If the Wild West has awakened your inner cowboy, head to MacDonald’s Ranch (26540 N. Scottsdale Rd., Scottsdale; 480/585-0239; $35/hour+; www.macdonaldsranch.com) where professional wranglers offer guided horseback rides and cowboy cookouts.
Ranked in the top golf destinations in America – the National Golf Foundation dubbed the Greater Phoenix area “The Golf Capital of the World” – the Valley touts some 200 diverse fairways for every style and budget. Virtual year-round sunshine coupled with fantastic desert scenery, golf schools, and high-caliber instructors is what lures the nearly two million golfers who tee off in Greater Phoenix each year. Even if you don’t play, you can experience the fervor by attending one of the numerous tournaments throughout the year; Scottsdale’s prestigious PGA Tour’s FBR Open (late-Jan/early-Feb) is the most famous, attracting one of the game’s biggest audiences worldwide. Keep in mind that although area courses are numerous, tee times at the most popular courses can book up quickly, especially during the winter high season – be sure to reserve ahead of time. Tee time reservation services can assist you in this – try Golf Xpress (602/404-4653 or 888/679-8246; www.azgolfxpress.com); they also rent golf clubs ($25+ w/pickup and drop-off).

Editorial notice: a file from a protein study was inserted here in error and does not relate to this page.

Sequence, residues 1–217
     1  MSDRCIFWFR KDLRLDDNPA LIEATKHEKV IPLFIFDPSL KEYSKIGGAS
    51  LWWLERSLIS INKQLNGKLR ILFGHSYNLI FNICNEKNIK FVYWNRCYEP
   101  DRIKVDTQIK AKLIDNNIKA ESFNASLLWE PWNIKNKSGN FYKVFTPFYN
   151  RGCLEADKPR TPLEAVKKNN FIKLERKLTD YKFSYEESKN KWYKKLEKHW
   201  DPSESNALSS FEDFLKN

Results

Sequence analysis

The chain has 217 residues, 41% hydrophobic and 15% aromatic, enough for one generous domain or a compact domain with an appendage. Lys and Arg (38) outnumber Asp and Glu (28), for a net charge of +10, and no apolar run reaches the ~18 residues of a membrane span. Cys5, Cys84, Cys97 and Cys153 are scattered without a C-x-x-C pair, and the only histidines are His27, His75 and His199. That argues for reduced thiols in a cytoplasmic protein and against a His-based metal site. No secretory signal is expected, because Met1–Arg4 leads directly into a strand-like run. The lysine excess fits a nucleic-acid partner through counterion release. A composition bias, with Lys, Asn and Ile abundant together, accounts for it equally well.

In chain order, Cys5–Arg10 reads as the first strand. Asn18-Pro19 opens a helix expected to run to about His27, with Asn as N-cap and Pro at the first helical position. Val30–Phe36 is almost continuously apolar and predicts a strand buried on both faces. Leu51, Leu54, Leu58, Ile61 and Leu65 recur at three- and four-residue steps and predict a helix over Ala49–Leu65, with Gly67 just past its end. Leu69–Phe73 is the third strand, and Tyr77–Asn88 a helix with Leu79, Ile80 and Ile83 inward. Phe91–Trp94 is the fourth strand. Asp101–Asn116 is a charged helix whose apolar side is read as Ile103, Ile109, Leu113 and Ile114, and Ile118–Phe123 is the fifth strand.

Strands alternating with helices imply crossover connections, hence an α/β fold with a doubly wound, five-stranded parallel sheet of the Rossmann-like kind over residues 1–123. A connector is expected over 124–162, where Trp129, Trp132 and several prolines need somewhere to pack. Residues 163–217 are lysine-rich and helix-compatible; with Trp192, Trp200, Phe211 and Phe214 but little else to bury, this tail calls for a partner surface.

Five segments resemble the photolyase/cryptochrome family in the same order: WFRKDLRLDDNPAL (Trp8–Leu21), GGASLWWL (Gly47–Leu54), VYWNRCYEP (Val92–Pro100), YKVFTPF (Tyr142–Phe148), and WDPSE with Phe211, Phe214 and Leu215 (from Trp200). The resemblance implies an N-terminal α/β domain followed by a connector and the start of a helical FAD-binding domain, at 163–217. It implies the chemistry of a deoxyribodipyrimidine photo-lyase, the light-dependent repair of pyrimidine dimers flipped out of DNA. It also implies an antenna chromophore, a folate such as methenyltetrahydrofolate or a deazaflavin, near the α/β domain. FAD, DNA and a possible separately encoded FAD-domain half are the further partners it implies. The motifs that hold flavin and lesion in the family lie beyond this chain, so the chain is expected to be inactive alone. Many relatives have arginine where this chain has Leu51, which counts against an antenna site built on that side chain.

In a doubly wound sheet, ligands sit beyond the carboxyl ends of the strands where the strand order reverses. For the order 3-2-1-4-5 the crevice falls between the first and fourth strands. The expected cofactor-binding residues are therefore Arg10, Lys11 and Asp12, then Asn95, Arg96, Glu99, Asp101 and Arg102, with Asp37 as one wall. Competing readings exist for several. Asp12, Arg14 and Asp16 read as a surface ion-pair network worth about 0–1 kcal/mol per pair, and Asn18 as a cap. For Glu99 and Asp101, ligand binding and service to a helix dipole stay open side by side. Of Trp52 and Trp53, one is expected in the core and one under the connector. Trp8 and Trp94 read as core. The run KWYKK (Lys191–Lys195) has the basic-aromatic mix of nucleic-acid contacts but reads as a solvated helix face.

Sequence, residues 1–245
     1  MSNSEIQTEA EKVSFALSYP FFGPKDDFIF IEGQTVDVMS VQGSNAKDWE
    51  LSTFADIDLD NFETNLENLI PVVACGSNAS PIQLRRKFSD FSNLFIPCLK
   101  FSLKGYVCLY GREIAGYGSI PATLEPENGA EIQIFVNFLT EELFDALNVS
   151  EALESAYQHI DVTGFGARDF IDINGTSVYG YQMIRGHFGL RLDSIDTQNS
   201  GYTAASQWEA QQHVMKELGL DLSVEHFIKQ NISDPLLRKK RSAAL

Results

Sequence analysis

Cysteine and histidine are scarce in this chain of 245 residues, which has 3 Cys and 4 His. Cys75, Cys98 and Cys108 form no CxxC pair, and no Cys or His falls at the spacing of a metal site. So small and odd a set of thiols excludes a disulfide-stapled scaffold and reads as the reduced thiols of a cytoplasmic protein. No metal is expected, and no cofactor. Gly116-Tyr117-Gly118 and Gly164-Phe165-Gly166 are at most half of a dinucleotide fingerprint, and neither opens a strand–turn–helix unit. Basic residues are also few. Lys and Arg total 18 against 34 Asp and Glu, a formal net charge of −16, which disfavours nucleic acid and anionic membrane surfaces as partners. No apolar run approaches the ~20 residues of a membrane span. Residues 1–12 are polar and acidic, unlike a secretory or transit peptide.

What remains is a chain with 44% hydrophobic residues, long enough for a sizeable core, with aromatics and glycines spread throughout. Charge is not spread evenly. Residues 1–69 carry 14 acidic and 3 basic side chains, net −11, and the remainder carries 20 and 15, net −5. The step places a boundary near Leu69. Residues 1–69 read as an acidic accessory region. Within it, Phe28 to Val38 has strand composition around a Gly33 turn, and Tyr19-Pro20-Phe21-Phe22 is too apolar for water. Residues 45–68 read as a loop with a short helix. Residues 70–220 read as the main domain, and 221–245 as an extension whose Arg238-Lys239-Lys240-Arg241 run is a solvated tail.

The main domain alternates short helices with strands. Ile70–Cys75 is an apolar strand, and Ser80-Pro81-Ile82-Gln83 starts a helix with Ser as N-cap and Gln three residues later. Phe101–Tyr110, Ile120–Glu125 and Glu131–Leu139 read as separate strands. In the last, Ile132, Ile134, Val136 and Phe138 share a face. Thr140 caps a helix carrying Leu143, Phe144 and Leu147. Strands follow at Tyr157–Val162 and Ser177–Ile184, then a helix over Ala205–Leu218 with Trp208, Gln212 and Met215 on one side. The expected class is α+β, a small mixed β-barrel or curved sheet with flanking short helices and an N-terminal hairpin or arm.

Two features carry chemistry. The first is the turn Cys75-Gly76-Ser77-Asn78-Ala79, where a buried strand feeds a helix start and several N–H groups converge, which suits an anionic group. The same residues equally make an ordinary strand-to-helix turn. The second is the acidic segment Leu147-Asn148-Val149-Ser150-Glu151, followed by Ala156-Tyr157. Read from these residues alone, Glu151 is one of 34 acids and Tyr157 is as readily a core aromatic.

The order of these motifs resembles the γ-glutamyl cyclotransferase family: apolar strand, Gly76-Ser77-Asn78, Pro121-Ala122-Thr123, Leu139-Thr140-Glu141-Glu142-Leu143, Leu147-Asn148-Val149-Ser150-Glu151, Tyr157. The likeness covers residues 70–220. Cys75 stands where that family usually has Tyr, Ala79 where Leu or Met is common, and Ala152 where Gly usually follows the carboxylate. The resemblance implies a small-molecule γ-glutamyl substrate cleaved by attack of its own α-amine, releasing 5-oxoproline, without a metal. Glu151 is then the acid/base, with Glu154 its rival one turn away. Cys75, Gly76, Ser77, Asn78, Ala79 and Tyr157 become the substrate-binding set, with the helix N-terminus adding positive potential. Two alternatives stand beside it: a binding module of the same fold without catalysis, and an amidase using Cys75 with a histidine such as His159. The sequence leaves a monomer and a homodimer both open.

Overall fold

Our top links picks include the dynamic Monument and Pinnacle courses at Troon North Golf Club (10320 E. Dynamite Blvd., Scottsdale; 480/585-5300; www.troonnorthgolf.com) – the high-desert ravines and rolling foothills at the base of Pinnacle Peak in north Scottsdale are thrilling, but with greens fees of $245 to $295 in high season (Jan-Apr), the kicks don’t come cheap. The Phoenician’s 27-hole USGA championship course (6000 E. Camelback Rd., Scottsdale; 480/423-2450 or 800/888-8234; high-season $199; www.thephoenician.com) offers three nines – Canyon, Desert, and Oasis – each with distinct surrounding landscapes. For less expensive greens fees at quality courses, try Tempe’s Pete Dye-designed ASU Karsten Golf Course (1125 E. Rio Salado Pkwy., Tempe; 480/921-8070; high-season $92; www.asukarsten.com), a public course with an easygoing atmosphere and a fair level of difficulty; they also have one of the best pro shops in town. Finally, Papago Golf Course (5595 E. Moreland St., Phoenix; 602/275-8428; www.phoenix.gov) is considered one of the best municipal courses in the country and offers the best deal around with greens fees from just $30 in high-season – reservations are highly recommended and can be made up to a week in advance.